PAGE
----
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Tesla vs. Edison: War of Currents» Forums » Reviews

Subject: Detailed Review of TvE rss

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Gene Chiu
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Introduction

Tesla vs. Edison: War of Currents is a game set in the late 19th century around the time where cities are beginning to be lit with electricity. It centres around the time when there was a public relations battle regarding whether AC current or DC current was the better technology to use. Each player takes the role of an investor who is backing and has controlling interest in the company of one of 5 inventors. The company recruites additional luminaries to assist in the company. As the game progresses, you will be claiming projects to light cities, research and improve your company's technology, engage in propaganda to improve your company's fame and public opinion on AC vs. DC, and play the stock market. The winner is the player with the best stock portfolio at the end of the game.

This is one of the more complex games I have played. There are many game mechanics used in this game. There is also what I consider to be a bit of a curve ball in that the game winning condition in that your stock portfolio and not how well your company does that determines the winner.

Game Play

The game is played over 3 phase of 2 turns each. There is an auction at the beginning of each phase where players recruite additional luminaries to work for their company. Different luminaries have different attributes. Also, at the beginning of phases 2 and 3, the luminary you recuite will also come with one stock in a company (either yours or your opponent's). Different luminaries give different bonuses or satisfy different prerequisites when used to take actions.

There is network building when players claim projects to light cities. Claiming a project after the first one costs more the farther it is from an existing city you have already lit. Different cities require a different technology level, so you have to research technology to claim projects in cities with higher technology requirements. If you don't have the prerequisites, you may have to claim projects in cities farther away. Claiming a project will cause your company's stock value to increase. The increase varies depending on the size of the city and public opinion on the AC/DC current technology that you use to claim the project.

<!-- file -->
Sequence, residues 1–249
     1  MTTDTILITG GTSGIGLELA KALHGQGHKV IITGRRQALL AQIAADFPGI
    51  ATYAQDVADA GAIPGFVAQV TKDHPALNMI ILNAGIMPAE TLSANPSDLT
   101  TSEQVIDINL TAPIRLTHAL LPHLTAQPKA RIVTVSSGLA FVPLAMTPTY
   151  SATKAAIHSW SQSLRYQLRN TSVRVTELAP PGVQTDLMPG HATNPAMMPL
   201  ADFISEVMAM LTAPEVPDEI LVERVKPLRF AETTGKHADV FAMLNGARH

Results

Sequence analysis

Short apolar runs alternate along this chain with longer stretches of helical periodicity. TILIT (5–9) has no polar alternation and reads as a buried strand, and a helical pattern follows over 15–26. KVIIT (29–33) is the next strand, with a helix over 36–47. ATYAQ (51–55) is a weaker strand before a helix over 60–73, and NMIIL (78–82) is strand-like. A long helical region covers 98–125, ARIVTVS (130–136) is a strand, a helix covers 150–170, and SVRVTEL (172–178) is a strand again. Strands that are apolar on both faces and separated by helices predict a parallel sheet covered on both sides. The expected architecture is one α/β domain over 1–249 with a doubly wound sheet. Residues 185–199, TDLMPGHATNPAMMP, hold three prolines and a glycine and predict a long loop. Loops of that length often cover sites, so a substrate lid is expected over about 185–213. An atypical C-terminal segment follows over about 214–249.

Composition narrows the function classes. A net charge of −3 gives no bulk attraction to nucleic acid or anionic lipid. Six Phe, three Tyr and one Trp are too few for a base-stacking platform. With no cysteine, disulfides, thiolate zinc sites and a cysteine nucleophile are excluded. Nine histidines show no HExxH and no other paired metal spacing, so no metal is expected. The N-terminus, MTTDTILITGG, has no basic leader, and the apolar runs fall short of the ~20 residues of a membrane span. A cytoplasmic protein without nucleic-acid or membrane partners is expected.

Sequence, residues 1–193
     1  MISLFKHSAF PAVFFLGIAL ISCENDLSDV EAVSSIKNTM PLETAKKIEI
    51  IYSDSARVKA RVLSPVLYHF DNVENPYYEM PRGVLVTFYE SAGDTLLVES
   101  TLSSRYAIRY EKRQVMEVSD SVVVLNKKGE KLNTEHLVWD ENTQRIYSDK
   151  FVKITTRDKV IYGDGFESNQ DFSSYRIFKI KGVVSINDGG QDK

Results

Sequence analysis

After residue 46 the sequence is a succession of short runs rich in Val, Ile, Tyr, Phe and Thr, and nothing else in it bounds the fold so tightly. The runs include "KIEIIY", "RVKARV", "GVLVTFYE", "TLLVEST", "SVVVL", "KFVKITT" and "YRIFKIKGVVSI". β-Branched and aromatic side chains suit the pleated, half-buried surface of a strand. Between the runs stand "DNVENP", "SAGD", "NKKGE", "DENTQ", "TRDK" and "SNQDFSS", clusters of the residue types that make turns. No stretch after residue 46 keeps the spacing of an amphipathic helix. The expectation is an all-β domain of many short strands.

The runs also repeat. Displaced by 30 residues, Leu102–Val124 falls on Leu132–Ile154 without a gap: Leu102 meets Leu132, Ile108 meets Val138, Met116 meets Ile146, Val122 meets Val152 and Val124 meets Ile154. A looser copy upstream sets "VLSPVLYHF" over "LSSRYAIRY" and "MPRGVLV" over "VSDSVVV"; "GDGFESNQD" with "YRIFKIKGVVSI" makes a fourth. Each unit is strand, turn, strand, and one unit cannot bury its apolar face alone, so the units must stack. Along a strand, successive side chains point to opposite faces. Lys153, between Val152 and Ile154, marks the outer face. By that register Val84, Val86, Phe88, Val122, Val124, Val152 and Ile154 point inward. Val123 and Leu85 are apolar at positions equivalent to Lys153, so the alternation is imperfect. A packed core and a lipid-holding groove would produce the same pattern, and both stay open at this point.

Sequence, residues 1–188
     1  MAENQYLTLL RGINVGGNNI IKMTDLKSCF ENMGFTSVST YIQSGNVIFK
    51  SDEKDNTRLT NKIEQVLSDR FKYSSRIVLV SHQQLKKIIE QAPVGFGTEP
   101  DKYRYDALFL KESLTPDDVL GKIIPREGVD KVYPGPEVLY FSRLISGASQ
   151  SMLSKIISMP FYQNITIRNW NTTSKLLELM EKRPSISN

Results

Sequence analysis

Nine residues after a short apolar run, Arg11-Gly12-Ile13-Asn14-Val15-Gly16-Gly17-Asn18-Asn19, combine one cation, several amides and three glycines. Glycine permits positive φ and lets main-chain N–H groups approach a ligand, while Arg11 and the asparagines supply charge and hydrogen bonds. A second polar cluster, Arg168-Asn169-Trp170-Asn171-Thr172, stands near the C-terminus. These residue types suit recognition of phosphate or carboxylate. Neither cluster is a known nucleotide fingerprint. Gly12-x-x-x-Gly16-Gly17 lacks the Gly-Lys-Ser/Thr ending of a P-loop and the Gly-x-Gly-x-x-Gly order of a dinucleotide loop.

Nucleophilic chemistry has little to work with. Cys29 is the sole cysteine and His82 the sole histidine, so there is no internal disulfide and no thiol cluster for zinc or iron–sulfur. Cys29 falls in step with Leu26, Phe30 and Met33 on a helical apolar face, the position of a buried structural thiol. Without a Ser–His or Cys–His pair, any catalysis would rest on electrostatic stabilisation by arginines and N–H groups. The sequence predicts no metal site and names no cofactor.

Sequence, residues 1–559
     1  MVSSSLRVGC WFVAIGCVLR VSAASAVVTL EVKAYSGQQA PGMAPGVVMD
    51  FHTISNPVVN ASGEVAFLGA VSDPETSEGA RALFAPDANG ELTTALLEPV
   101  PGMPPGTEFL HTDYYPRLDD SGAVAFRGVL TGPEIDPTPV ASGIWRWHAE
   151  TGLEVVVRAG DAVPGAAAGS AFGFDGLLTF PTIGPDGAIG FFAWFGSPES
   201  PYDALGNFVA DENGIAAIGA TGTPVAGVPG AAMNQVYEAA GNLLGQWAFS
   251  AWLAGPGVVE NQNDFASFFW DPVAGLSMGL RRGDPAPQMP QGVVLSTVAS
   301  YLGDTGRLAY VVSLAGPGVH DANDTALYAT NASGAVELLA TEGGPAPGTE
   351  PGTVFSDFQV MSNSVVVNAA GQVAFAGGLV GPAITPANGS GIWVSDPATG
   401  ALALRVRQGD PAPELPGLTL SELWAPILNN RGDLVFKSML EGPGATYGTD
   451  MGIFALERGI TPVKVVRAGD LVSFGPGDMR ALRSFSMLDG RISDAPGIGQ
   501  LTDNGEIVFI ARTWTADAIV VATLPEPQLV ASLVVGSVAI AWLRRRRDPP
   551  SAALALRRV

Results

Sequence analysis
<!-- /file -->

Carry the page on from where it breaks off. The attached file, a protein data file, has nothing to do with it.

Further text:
The technology mechanic is very interesting and fits into the "war of currents" theme of this game. There are three technology tracks: light bulb, AC and DC. In order to claim a project for a city, you need to have at least the technology level required for the city in bulb technology plus one of the AC or DC. Technology level requirements are from 1 to 5. Both buld and AC technology can be researched to level 5. DC technology, however, maxes out at level 4. You will likely only be researching either AC or DC and not both. This means that if you decide to commit your actions to research DC, you will not be able to claim projects for cities that require level 5 technology. From a physics stand point, this makes sense as AC can transmit power for greater distances than DC. The cities that require level 5 are supposedly in more remote places.

Another interesting aspect of the technology track is that you can choose to patent the technology at the level you just researched. You will need a luminary or inventor with the finance attribute to meet the prerequisite to patent the technology. The patent gives two benefits. If another player uses that technology at the level you patented, the other player must pay you a patent fee when claiming a project with that technology. Also, patenting technology will increase the value of your company's stock. Having the highest level patent in AC or DC will also increase your company's stock that turn if public opinion for that current technology is higher.